The 3 most important recent advances in the management of systemic lupus erythematosus

Bhaskar Dasgupta

Dr Bhaskar Dasgupta is a professor of rheumatology at Southend University Hospital, UK, honorary professor of Essex University, and international expert and key opinion leader in giant cell arteritis and polymyalgia rheumatica.

If you were to name the 3 most important recent advances in the management of systemic lupus erythematosus, what would they be?

Bhaskar Dasgupta, MB BS, MD: If one were to name the 3 most important recent advances in the management of systemic lupus [erythematosus] (SLE), I would really answer it with the following: One is the important realization that one needs to use [the] minimum effective [dose of] glucocorticoids in the treatment of lupus. This is extremely important because glucocorticoids have been shown to be associated with a lot of complications. When you treat long-term lupus for 5, 10 years, that’s when you get all the side effects of glucocorticoids related to myopathy, related to osteoporotic fractures, hypertension, but most importantly, you start getting all the cardiovascular complications that one associates with routine overtreatment with glucocorticoids, and you start getting increased cardiovascular events that are associated with lupus. So, the first most important recent advance has been the awareness that while active lupus may need treatment with high-dose glucocorticoids, these doses need to be quickly tapered down so that the baseline long-term treatment relates to safe doses; certainly <10 mg prednisolone or even ~5 mg prednisolone. This is allowed by the use of other immunosuppression for the treatment of lupus.

The second most important recent advance in the management of lupus has been belimumab. Belimumab is an antibody that is really directed at preventing B-cell activation. It is an anti–B cell activating factor (BAFF) or anti–B lymphocyte stimulator (BLyS) antibody and belimumab has really transformed the treatment of refractory lupus. We have recently had a case of multisystem lupus: a lady who presented with severe dermatitis, severe hypocomplementemia, severe serositis, arthritis, and she also developed glomerulonephritis, which actually led very quickly to end-stage renal disease. Then she developed valvulitis with Libman-Sacks endocarditis. She had exhausted cyclophosphamide, she had had mycophenolate, and finally we treated her with belimumab, which, of course, is the first biologic [agent] that has been licensed for use in SLE. And the response was magic-like. With the treatment with belimumab that we gave her, which was initially intravenous infusion, 10 mg/kg, she had a dramatic response in terms of all her dermatitis, serositis, everything resolving, and hypocomplementemia came back to normal. Finally, we have now switched her to subcutaneous preparation of belimumab and she is doing well to the extent that she has now had her renal transplant because she was dialysis bound. And post transplant she is doing very well on treatment with belimumab.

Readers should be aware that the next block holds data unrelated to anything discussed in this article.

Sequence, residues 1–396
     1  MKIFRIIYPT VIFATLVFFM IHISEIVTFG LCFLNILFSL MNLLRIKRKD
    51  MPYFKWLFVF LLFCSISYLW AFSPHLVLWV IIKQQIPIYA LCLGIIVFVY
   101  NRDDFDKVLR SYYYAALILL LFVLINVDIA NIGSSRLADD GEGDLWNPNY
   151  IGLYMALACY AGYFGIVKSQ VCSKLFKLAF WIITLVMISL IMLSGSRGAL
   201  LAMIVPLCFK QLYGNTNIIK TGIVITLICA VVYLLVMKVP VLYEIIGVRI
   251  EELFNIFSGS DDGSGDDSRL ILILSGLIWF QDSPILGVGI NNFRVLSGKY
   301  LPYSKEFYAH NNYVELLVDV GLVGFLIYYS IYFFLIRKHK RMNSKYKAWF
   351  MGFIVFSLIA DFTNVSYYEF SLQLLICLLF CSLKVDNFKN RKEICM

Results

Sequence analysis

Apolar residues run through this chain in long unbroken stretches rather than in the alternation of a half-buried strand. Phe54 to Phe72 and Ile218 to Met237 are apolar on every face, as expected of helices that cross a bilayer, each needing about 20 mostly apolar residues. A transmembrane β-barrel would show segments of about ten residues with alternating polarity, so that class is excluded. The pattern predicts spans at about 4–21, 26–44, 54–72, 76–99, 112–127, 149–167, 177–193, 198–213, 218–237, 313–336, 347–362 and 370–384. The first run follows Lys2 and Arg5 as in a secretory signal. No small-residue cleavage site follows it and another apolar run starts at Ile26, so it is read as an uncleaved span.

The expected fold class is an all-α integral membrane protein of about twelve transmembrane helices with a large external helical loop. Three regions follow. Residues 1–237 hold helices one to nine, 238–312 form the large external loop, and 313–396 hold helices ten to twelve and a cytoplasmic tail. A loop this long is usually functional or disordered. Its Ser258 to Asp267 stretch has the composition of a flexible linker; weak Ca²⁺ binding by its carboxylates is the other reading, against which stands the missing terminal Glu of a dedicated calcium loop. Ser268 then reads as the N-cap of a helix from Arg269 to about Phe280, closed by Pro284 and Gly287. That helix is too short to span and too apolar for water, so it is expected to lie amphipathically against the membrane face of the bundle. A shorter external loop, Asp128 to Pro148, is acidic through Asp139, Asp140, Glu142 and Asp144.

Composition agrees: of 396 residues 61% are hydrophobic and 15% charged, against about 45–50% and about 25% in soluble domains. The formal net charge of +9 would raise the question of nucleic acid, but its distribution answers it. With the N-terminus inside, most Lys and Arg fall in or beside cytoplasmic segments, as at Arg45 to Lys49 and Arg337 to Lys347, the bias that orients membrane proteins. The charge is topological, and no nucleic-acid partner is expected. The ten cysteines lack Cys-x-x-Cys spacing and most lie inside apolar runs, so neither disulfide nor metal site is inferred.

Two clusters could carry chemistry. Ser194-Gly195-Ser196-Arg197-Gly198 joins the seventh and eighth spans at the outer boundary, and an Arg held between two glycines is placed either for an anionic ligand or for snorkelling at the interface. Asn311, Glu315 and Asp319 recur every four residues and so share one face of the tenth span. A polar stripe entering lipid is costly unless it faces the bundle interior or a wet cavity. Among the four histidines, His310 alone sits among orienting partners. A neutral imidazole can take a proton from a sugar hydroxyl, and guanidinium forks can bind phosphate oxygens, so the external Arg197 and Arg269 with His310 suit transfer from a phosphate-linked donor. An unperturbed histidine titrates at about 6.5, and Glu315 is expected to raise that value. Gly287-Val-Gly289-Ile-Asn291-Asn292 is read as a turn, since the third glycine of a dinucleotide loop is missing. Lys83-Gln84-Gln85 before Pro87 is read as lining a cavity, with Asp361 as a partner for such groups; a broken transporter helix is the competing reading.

The third most important advance in the management of lupus has been the awareness of cardiovascular disease. It is so important to try and prevent the metabolic syndrome while one is treating lupus. It is not only important to check for disease activity of lupus; it is very, very important to try and maintain an optimal body weight, to try and control hypertension. The treatment of [abnormal] blood pressure in the context of lupus is extremely important and the lipids are important. The treatment of diabetes is important. All these need to be taken into account in terms of treating the metabolic syndrome to prevent the long-term cardiovascular events related to lupus. Thank you.

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